Two senior members of a notorious bikie gang brutally attacked a former member who thought he’d left the club “amicably”.
Joseph Muratore, 32, tackled ex-Fink Kahan Umit to the floor before stabbing and punching him in a savage sustained assault in Dandenong in Melbourne’s southeast in March last year.
Co-accused Lee Martin, 48, helped trap and chase Mr Umit, the County Court of Victoria was told on Friday.
Prior to the stabbing, the two bikies, along with fellow Fink John Pahoumidis and an unknown fourth man, confronted Mr Umit outside a factory before Pahoumidis punched him in the face.
The court was told Muratore performed a “flying kick” on Mr Umit when he tried to escape before tackling him to the ground and stabbing him.
The four men fled the scene, leaving Umit for dead as he lay bleeding on the floor.
Mr Umit was rushed to the Alfred Hospital with “life-threatening” injuries, needing emergency surgery to repair a punctured lung and suffering spinal and rib fractures.
He thought he had left the Finks on “amicable” terms a few weeks beforehand, he later told police.
Judge Elizabeth Gaynor said the attack was “clearly carried out in pursuit of Finks business” despite lawyers for Muratore and Martin saying it was not gang-related.
Judge Gaynor slammed the “pathetic” behaviour of both men as she sentenced them in the County Court of Victoria on Friday.
“I feel as if I’m dealing with a pair of immature teenagers,” the judge said, imploring them to reconsider their membership of the motorcycle gang.
Muratore received three years and four months in jail after pleading guilty to recklessly causing serious injury along with drugs and weapons offences.
Judge Gaynor said Muratore was “extremely fortunate” another person came out of the factory and helped Mr Umit.
“If he had died, you would have been facing a murder charge,” Judge Gaynor said.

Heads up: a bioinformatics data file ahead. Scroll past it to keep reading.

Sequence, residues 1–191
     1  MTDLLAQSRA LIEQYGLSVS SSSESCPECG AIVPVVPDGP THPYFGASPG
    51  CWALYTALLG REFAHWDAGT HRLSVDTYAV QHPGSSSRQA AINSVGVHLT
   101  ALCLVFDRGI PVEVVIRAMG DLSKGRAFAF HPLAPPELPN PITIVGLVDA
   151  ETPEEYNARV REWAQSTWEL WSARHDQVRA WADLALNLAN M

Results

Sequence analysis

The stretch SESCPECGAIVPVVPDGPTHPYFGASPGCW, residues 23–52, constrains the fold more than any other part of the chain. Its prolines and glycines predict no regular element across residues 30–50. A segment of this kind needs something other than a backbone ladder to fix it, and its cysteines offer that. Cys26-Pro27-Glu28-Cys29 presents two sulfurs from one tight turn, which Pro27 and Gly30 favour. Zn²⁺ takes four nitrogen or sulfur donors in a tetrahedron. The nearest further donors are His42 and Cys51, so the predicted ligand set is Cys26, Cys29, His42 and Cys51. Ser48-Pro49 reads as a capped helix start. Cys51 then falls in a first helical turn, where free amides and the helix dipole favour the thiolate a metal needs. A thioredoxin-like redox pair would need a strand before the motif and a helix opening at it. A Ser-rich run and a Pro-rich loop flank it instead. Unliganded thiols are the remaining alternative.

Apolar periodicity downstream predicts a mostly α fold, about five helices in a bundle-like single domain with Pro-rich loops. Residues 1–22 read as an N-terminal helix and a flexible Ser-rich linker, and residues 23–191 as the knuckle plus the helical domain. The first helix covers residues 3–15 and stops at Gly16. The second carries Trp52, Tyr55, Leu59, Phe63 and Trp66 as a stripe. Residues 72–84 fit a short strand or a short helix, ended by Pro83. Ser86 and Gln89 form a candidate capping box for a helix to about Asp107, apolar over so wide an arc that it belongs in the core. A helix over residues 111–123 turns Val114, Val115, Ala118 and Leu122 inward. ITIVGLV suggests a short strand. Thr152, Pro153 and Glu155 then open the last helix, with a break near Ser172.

Police arresting Muratore in May last year found a sawn-off shotgun hidden in a golf bag and three samurai swords in a bedroom cupboard, along with drugs and a device used to jam police radios.
This was evidence Muratore was “entrenched” in the criminal underworld, the court was told.
Muratore appeared in court via video link dressed in a green sweatshirt and with several neck tattoos clearly visible.
He watched on blankly as his mother cried in the courtroom.
“Your mother is in tears and you have caused that,” a clearly angry Judge Gaynor told him, slamming his association with the Finks.
“You have stabbed a man, you could have killed him. You are now sitting in a maximum-security prison with your mental health deteriorating.
“All because you had to belong to a gang with a uniform and a motorcycle to ride around on.”
Martin was allowed to walk free from the courtroom after pleading guilty to common assault and driving while disqualified.
He had already served 457 days behind bars before being bailed earlier this year.
Noting both men were in long-term relationships, Judge Gaynor begged them to leave the Finks gang behind and start afresh.
“I just hope the two of you grow up and be the sorts of partners that your partners deserve. This is just ridiculous,” she said.
Pahoumidis has pleaded guilty to common law assault and possessing drugs of dependence, including cocaine and methylamphetamine, and is due to be sentenced for his role in the attack at a later date.